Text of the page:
This is closely related to the Southwark Seizure, previously thought to have been eradicated. What happens is that the judge threatens to lock counsel up for contempt of court. In the most recent outbreak, the judge threatened to imprison a defendant and his counsel for contempt of court after defence counsel indicated at a pre-trial hearing that the defendant would not be filing an amended defence statement as ordered by the judge. Counsel nevertheless held his nerve. He followed the recommended course and secured an overnight adjournment (not in custody) to consult his head of chambers, the Bar Council, and presumably anyone else he could think of. The next morning and having already submitted a substantial skeleton on the subject, Nicholas Lavender QC appeared to persuade the judge of the errors of his ways, at least so far as the advocate was concerned. The judge immediately backed down. However, once the Silk had departed the judge turned his attention back to the defendant and locked him up for 28 days.
The Court of Appeal quashed this sentence and confirmed that the judge had no power to act as he did. The court said the sanctions for non-compliance with the defence statement provisions were explicit, as set out in s 11 of CPIA 1996. The CACD did observe that a lawyer was not permitted to advise a defendant not to file a defence statement or to omit from it something required by s 6A of the Act. The full diagnosis of the judge’s behaviour is awaited but the case is reported in note form at R v R  WLR (D) 220. Note that the appeal against a sentence of imprisonment for contempt of court lies under s 13 of the Administration of Justice Act 1960.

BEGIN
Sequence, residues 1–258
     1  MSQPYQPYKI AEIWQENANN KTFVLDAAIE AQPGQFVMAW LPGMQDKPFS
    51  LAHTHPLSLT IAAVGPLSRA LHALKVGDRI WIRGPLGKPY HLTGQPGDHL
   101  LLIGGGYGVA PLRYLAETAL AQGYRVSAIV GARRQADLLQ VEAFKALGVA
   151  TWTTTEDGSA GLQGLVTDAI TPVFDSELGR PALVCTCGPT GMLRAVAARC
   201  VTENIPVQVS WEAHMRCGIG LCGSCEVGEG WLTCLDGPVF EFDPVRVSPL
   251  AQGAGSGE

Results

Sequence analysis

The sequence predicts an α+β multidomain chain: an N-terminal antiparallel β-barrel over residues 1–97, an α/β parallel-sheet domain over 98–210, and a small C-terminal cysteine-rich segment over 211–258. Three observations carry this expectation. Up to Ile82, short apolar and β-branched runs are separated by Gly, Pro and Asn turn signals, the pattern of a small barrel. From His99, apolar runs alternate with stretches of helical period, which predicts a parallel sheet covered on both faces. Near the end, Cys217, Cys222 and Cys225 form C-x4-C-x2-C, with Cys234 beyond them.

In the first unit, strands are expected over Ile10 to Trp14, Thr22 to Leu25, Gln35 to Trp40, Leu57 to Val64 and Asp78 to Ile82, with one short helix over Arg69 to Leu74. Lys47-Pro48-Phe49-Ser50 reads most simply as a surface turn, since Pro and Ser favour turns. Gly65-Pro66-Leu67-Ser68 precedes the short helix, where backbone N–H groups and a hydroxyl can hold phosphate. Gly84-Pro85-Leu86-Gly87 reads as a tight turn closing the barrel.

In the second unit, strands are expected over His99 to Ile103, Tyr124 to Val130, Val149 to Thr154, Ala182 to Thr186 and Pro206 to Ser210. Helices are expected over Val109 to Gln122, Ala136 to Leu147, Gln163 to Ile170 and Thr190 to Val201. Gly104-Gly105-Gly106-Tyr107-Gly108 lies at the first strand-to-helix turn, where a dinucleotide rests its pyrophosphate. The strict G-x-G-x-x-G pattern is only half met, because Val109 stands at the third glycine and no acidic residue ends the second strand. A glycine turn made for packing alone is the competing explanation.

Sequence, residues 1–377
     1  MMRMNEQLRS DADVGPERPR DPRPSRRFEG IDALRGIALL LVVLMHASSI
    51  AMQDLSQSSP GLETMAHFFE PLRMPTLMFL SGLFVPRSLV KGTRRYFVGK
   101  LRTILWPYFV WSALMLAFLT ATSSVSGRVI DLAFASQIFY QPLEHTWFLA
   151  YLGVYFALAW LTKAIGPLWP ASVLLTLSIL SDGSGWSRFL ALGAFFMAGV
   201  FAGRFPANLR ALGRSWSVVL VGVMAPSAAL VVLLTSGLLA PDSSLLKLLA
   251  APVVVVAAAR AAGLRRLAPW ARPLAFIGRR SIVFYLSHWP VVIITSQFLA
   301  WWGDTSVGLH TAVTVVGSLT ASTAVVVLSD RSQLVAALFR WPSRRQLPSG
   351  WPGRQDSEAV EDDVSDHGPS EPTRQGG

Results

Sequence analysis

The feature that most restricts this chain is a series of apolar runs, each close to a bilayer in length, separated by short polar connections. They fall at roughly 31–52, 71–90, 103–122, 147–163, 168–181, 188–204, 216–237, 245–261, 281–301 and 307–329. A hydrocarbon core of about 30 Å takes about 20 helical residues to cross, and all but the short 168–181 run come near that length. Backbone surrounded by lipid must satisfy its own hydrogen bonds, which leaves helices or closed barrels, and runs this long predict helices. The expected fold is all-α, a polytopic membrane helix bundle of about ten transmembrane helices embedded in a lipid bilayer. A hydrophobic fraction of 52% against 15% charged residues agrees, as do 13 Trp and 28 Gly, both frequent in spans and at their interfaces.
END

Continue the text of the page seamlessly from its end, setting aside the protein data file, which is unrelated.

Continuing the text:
A judge affected with this parasite is inclined to “novel and extremely proactive” behaviour. He may quash indictments in cases that “he does not believe should have been brought before the Crown Court”: R v FB, R v AB, R v J  EWCA Crim 1857. It should be noted that the trigger for the outbreak tends not to be some defect in the indictment but is more likely to be the insistence by the prosecution in pursuing a case that the judge regards as trivial. One can perhaps understand the irritation felt by the judge, concerned at the state of the lists and the financial pressures on the court system but the main problem here seems to be that there was “simply no power or authority to take the course that he did” (per Leveson LJ). It follows that prosecuting counsel confronted with an outbreak of this affliction should stand firm and check the provisions for appealing against a terminating ruling. Defence counsel should warn their clients that celebrations may be premature. The remedy likely to be prescribed by the CACD is a fresh trial in front of a new and uninfected judge.